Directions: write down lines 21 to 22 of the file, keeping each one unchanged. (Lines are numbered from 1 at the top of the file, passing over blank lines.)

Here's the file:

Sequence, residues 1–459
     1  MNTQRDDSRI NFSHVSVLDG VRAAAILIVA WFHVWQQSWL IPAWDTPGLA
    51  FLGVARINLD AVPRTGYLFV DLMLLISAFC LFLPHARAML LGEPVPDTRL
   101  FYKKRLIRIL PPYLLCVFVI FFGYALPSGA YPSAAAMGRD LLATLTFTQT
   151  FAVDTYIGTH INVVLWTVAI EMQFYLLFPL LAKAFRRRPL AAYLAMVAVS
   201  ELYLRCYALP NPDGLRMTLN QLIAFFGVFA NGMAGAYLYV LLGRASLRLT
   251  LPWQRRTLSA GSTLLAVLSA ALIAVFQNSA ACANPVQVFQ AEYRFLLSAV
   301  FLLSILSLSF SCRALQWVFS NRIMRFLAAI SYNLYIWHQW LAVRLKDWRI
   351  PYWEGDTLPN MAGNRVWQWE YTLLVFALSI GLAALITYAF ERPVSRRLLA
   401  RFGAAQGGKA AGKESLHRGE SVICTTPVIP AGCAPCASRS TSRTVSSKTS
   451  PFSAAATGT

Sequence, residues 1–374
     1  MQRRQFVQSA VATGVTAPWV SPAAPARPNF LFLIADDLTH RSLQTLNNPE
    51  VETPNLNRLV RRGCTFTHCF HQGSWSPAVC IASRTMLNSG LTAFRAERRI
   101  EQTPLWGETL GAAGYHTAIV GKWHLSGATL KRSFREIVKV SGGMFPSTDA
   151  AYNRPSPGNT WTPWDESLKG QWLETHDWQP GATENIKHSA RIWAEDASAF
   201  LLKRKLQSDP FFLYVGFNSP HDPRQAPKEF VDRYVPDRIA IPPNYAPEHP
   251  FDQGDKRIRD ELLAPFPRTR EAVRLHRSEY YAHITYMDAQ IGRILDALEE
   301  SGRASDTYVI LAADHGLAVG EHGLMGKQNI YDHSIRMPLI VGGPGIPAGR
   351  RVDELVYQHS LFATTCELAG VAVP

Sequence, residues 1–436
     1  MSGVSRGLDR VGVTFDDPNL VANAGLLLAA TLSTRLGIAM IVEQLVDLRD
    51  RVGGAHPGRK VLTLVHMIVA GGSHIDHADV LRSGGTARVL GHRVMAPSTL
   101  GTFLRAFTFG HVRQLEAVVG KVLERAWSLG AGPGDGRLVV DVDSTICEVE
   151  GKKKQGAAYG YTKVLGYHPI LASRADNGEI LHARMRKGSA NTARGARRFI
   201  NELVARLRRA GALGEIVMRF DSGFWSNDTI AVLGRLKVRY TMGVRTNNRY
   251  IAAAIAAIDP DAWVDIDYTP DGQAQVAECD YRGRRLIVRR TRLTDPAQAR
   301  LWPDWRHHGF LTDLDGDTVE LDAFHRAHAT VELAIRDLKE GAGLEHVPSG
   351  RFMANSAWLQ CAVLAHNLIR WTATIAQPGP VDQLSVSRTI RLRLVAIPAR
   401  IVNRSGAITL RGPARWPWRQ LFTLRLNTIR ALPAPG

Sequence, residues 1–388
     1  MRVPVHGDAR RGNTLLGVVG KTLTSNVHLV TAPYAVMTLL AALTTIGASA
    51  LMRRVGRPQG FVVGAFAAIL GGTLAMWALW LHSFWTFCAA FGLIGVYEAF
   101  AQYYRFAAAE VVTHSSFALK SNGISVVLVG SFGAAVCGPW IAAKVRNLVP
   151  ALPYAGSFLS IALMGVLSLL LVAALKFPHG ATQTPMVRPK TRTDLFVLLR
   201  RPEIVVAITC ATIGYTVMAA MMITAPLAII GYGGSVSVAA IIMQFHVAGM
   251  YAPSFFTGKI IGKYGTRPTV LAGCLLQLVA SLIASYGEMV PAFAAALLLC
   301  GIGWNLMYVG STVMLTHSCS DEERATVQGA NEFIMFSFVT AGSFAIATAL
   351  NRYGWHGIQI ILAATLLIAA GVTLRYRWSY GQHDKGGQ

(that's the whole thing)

Sequence, residues 1–436
     1  MSGVSRGLDR VGVTFDDPNL VANAGLLLAA TLSTRLGIAM IVEQLVDLRD